What does the congestion picture really look like?

This basic "volume-by-time-of-day" graphic can be extended to illustrate when congestion occurs and its effect on vehicle speed and throughput. Average speed is color coded to indicate how conditions routinely change by time of day. Then, because conditions vary considerably from day to day, reliability at this point in the roadway can be examined by defining "congestion" (in this case, the occurrence of LOS F conditions) and reporting on the frequency with which that congestion occurs. Graphically, it is possible to lay the "frequency of congestion" over the same graphic that illustrates vehicle volumes and average speeds. This is shown in Figure 4-1 (read "Vehicle Volume Per Lane" on the left axis, and "Frequency of Congestion" on the right axis.) This graphic shows that this specific location experiences LOS F conditions more than 80 percent of all weekdays (four times a week). It is also possible to see the slight decrease in vehicle throughput, caused by congestion, which occurs in the heart of the morning peak period.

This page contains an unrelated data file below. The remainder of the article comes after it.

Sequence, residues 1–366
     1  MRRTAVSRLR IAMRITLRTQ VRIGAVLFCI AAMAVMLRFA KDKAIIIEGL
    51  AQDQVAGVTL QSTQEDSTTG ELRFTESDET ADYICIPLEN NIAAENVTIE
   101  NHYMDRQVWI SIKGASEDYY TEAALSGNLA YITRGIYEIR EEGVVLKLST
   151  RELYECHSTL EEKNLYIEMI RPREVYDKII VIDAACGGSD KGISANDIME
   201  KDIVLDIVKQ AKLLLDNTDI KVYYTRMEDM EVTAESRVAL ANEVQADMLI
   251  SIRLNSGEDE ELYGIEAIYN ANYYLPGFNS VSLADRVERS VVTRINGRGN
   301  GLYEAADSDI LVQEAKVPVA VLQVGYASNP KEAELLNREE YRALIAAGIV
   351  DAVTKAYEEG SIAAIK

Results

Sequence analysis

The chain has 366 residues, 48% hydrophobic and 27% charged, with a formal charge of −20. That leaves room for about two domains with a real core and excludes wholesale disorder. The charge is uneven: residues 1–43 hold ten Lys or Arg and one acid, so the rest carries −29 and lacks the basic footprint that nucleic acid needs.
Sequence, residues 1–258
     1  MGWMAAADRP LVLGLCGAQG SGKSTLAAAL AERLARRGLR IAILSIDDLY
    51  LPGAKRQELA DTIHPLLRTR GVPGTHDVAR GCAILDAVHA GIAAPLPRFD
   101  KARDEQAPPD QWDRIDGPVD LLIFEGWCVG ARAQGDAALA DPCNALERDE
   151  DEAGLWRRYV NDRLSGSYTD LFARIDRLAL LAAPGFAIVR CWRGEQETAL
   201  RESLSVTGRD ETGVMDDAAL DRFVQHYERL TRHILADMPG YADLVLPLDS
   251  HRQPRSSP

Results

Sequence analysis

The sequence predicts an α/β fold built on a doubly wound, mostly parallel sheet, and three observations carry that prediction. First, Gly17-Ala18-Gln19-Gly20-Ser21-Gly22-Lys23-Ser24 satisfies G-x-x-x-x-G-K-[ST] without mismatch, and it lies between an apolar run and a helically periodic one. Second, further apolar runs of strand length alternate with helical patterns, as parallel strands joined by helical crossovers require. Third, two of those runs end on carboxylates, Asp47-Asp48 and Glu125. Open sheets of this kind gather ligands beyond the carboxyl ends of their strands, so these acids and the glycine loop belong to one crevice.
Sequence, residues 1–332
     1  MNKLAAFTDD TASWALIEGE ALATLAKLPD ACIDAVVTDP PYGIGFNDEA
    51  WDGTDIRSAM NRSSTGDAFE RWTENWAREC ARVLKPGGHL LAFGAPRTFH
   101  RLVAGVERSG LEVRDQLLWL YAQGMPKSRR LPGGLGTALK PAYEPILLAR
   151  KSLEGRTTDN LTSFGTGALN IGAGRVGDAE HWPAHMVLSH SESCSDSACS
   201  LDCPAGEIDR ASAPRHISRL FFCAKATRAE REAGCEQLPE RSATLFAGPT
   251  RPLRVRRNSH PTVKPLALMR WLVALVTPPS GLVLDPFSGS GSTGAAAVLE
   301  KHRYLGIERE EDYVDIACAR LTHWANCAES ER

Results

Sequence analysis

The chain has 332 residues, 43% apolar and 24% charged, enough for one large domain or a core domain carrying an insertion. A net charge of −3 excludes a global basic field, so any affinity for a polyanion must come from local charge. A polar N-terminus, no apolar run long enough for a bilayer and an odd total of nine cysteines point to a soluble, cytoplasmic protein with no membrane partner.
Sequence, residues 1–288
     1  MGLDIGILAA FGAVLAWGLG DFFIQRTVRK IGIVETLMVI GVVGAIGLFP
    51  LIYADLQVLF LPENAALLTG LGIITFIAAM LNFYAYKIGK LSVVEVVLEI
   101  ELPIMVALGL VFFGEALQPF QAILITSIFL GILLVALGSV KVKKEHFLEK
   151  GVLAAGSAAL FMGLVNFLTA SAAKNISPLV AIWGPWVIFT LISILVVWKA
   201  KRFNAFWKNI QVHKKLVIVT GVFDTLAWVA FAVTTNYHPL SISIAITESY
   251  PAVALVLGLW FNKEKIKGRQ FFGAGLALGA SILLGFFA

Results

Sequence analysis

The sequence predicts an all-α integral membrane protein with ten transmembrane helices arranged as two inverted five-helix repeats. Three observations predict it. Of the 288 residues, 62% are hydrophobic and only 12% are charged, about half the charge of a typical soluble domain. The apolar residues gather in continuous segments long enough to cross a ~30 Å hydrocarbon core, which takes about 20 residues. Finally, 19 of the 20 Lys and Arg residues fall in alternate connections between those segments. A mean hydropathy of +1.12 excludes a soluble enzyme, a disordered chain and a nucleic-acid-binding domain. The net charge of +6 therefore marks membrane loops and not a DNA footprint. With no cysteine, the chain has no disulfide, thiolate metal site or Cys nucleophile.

graph showing basic volume of traffic congestion by time of day with average speeds

Figure 4-1: Estimated Frequency of Congestion, Volumes and Speeds (Reference 14) D

Another approach is to produce an average daily corridor profile to depict lane-occupancy percentage at each location along a corridor for a specified direction of travel. As shown in Figure 4-2, the resulting graph is a contour map, color-coded according to the estimated congestion level.

drawing showing lane-occupancy percentage at each location along the corridor for each direction of travel by time-of-day

Figure 4-2: "Temperature" Diagram of Traffic Flow Conditions (Reference 18) D

What delays are the public experiencing?

Using vehicle speed data that can be obtained from the freeway surveillance system, it is possible to estimate vehicle travel times throughout the day. Again, by saving these data, it is possible to describe not only today's travel times (excellent for measuring the effects of an incident), but also an entire year's travel times. Graphics like Figure 4-3 allow the analysis and reporting of travel conditions throughout the day.

histogram showing average and 90th percentile travel times for a specific route and the frequency of congestion

Figure 4-3: Travel Times (by time of day) for a Specific Route (Reference 14) D